Margot And The Nuclear So And So's (MATNSAS) hail from "the depths of poverty and despair, far from the bright lights of Hollywood, tucked away in a decaying neighborhood somewhere in the Midwest." If there's any indication of how creative a band is, look to the band's bio that accompanies their CD. You can either hate the band because of their bio, or love them for it. But the worst possible reaction you could possibly have to a bio is to have no reaction at all. You want your bio to cause a reaction. I'll be honest when I say that I think most bios give me no reaction. I want a story, not a nostalgic fairy tale that makes the singer/songwriters sound like they are the next Lennon/McCartney. MATNSAS' bio made me love the band before I even heard the album. I know, I know, that's no reason to like a band, but after the first 30 seconds of MATNSAS' debut album, The Dust of Retreat, it's impossible to not like them.
Lead singer Richard Edwards sounds like a really cool Fran Healy. To most people, Travis' Fran Healy is the antithesis of cool. I agree with this thought, but Fran has a hell of a voice and Richard Edwards does what Fran Healy couldn't do right. He roughs it up a little bit to make it sound like he's trying to sing well.
The first track on the album, "A Sea Chanty Of Sorts," starts underwater and slowly comes up for air to acoustic guitars, drums rolls, and Richard Edwards' booming but timid voice. It's the perfect album opener, full of melancholy that turns your "joy into sorrow." But the album does not officially start until the second track, "Skeleton Key." The song starts off with a cello line that reminds me of something that my music teacher used to tell me in high school. Everyone loves the sound of the cello because it resembles a human voice and body more than any other instrument. It's shaped like a human and sounds like a human. Cello isn't used enough in music, and it's sure not used enough as a lead instrument like it is here.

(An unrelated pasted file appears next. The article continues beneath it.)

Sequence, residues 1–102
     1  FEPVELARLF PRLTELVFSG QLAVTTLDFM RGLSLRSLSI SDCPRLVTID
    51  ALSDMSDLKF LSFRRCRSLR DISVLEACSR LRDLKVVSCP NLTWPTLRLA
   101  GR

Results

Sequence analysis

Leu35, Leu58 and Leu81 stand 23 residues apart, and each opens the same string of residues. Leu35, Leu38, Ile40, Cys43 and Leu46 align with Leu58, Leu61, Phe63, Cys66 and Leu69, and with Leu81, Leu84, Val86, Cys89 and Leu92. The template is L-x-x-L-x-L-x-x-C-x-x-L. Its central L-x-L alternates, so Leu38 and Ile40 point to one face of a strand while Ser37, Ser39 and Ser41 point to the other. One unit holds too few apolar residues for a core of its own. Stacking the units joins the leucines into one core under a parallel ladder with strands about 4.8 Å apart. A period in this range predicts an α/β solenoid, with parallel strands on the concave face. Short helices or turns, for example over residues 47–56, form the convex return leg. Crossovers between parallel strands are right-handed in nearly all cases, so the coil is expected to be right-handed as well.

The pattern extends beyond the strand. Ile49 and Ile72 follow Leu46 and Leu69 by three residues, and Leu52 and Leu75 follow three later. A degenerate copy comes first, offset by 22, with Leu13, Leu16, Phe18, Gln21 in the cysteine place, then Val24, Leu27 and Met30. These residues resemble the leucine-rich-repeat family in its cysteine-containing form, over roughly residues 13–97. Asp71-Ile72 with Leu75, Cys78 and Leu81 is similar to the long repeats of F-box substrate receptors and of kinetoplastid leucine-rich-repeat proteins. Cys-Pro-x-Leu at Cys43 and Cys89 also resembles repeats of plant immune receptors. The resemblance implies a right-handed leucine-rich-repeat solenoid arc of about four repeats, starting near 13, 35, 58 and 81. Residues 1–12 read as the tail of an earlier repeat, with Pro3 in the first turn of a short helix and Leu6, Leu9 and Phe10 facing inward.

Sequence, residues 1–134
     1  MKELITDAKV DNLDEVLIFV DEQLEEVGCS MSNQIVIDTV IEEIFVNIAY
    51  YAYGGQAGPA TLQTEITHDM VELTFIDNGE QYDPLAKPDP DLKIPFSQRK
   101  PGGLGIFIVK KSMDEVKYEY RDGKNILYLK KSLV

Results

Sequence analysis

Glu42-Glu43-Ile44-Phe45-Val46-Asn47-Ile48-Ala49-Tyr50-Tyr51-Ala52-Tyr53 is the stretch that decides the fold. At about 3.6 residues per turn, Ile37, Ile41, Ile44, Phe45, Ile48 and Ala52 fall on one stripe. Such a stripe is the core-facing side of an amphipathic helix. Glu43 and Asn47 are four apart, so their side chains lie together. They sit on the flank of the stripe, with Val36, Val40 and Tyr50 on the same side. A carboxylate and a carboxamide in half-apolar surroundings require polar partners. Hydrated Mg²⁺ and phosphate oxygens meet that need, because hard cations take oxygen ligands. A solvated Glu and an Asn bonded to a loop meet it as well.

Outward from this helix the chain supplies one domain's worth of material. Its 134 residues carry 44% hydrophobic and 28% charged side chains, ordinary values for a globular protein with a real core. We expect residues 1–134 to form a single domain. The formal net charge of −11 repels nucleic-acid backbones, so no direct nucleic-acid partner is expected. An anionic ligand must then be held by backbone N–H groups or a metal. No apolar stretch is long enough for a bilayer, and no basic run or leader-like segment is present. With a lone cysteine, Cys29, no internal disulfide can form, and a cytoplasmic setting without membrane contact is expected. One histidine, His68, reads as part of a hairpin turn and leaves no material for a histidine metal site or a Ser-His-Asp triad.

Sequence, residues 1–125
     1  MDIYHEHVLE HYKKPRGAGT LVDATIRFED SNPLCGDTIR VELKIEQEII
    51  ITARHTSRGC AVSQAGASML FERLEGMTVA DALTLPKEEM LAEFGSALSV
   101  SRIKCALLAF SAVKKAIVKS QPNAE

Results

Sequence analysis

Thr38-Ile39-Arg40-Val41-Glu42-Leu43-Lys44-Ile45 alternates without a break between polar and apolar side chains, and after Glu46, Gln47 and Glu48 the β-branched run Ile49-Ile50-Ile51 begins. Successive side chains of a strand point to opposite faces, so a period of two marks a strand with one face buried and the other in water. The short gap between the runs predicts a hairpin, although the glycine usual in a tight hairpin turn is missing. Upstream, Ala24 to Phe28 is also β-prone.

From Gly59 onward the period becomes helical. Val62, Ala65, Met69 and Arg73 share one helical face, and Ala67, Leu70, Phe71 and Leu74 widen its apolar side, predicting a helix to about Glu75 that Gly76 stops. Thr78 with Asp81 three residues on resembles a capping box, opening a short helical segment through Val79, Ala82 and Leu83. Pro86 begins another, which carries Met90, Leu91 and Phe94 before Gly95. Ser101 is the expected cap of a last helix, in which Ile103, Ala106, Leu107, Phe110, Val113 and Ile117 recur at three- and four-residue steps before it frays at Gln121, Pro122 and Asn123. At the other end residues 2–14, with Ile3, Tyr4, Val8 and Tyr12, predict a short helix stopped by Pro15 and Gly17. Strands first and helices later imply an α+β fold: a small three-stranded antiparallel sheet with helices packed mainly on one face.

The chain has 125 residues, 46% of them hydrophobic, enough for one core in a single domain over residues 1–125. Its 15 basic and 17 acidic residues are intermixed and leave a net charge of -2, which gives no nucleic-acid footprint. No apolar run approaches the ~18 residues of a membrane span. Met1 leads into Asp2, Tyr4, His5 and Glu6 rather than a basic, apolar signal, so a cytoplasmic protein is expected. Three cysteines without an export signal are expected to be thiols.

"Jen Is Bringing The Drugs" reminds me one of my favorite teenager tunes, "Drug Buddy" by The Lemonheads. I know it's an easy comparison, but a love letter song about drugs usually can't work. There's something about rock stars singing about drugs that doesn't sit well with me. It's like listening to a bird telling you he's chirping. We get it. You do drugs. Great. But Edwards makes it work, just like Evan Dando did. It sounds like an extra track from Bright Eyes' I'm Wide Awake, It's Morning, but less New York and more Chicago. He's not trying to be cool; he's not trying to tell us he does drugs. He's simply writing a love letter to a night full of excess. Although this album strives on it's gothic Phil Spector production, it's this acoustic guitar and vocal track that becomes the album's centerpiece.
As the snow falls outside my window in New York, "On A Freezing Chicago Street" makes me want to quit my job (sorry Tripwire) and move back to my hometown. Do you ever hear a song for the first time and get nostalgic as though you've heard it a million times before? It's a song like "On A Freezing Chicago Street" that does it for me. It's not the best song on the album, but it evokes a kind of memory that everybody knows or wants to know. "We got drunk on cheap red wine in a paper cup/I was barely awake when you got home." I've never gotten drunk off cheap red wine in a paper cup on the streets of Chicago, but after hearing it come out of Edwards' mouth, I feel as though I was not only there, but the song was written about me.
Whether it's the cello, the sparse piano lines, the honest lyrics, the raw nostalgia, or the do-it-better-than-Fran-Healy vocals, this album strikes a chord. It's part Okkervil, it's part Bright Eyes, it's part Lemonheads, it's part OK Computer, it's part Gram Parsons, it's part Beatles. The first time I played the album, I forgot to take my iTunes off random and the mellotron intro of "Strawberry Fields" came on after the album opener. The transition was flawless. I guess that I can end on that note. Buy this album. Please.